Instrument Rating Training question
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During an instrument training flight with an instructor, if you have picked up an IFR clearance and are operating under IFR conditions is the instructor the pilot in command in this training scenario?
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1012 Posts
The FAA strongly discourages doing the Instrument Rating Practical Test under IFR for a number of reasons which I'll skip.  However, if the examiner agrees to do that (most won't), the examiner must agree to be the PIC under 61.47, and the examiner must be listed as PIC on the flight plan, because only the examiner is legal per 61.3(e) to be the PIC under IFR or in IMC.  The applicant can still log PIC time as the sole manipulator of the controls as well as actual instrument time for the time the aircraft is in actual instrument conditions.  The examiner logs nothing, since the examiner doesn't meet any of the clauses in 61.51(e) to log PIC time.
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What about on the Instrument Check Ride?  Can it be done in actual IMC and who is acting as PIC during the instrument check ride?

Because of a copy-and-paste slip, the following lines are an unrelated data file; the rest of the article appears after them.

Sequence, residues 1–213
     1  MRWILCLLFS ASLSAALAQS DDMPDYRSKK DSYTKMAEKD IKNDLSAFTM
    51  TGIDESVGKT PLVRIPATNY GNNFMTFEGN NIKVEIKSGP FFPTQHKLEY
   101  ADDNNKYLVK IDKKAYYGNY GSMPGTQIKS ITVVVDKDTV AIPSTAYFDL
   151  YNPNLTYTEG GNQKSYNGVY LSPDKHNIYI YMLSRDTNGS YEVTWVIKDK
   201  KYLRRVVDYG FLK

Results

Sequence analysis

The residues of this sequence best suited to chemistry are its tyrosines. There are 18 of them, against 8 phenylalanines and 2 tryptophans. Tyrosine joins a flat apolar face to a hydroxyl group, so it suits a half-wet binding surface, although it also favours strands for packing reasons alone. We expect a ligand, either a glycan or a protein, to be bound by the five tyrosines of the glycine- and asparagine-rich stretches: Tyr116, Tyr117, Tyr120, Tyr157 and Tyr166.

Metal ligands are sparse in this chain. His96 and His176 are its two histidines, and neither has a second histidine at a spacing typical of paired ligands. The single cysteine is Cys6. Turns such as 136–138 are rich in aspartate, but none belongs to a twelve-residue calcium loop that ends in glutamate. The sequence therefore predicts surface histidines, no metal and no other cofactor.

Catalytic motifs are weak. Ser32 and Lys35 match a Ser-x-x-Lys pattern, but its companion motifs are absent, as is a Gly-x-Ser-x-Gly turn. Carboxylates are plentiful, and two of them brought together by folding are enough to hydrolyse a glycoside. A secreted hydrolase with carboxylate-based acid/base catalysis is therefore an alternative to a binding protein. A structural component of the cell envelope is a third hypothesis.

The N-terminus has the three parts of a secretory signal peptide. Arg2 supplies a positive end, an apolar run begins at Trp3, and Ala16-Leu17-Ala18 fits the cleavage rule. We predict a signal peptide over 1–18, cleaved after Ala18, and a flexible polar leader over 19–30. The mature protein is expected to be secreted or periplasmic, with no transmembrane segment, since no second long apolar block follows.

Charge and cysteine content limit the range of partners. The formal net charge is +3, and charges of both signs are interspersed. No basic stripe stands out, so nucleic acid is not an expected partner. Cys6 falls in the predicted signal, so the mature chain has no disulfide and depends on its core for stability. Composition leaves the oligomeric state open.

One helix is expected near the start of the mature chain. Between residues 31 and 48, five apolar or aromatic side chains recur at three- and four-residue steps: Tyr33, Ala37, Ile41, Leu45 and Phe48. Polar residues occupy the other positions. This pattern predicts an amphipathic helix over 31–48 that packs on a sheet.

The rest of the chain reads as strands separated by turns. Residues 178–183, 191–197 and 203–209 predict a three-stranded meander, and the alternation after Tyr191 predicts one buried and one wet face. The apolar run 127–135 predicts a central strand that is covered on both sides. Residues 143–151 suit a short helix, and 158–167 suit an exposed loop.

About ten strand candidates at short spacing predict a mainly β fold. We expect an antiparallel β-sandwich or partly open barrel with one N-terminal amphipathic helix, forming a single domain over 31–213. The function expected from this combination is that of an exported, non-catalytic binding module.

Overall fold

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1012 Posts
Yes, assuming the trainee is “rated” in that aircraft, i.e., correct category/class ratings on the pilot’s license).  Remember that this "rated" NOT include “endorsements” like complex, just category/class (and type, if that’s required for that aircraft). So if you’re an ASEL pilot with no high performance endorsement doing a Cirrus SR22 checkout along with your IR training, it does count as PIC time.  However, if you’re an ASEL pilot training in a twin working on the instrument at the same time as your ME rating, you are not rated in that aircraft and cannot log it as PIC time.
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So, if the trainee is sole manipulator of the controls, can they log PIC regardless of flight conditions (IMC) or on an IFR flight plan?
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1012 Posts
Prometheus is right that they they can both log PIC time during that flight, but that's an entirely separate issue covered by separate from who is the PIC -- and there can be only one PIC at a time during flight.  In order to be legal, if that flight is in IMC or under IFR, the PIC must have instrument privileges under 61.3(e), and in the OP's scenario, the trainee doesn't have an instrument rating and thus doesn't have instrument privileges.
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However, the instrument trainee is able to log that time which they are the sole manipulator of the controls as PIC time per 61.51(e)(1)(i),  Dual Instruction and instrument actual. The instructor also can log the time as PIC per 61.51(e)(3). In this case the instructor is the "acting" PIC, per 1.1 the FAA defines “PIC” (acting) as the person who:
(1) Has final authority and responsibility for the operation and safety of the flight,
(2) Has been designated as pilot in command before or during the flight, and
(3) Holds the appropriate category, class, and type rating, if appropriate, for the conduct of the flight.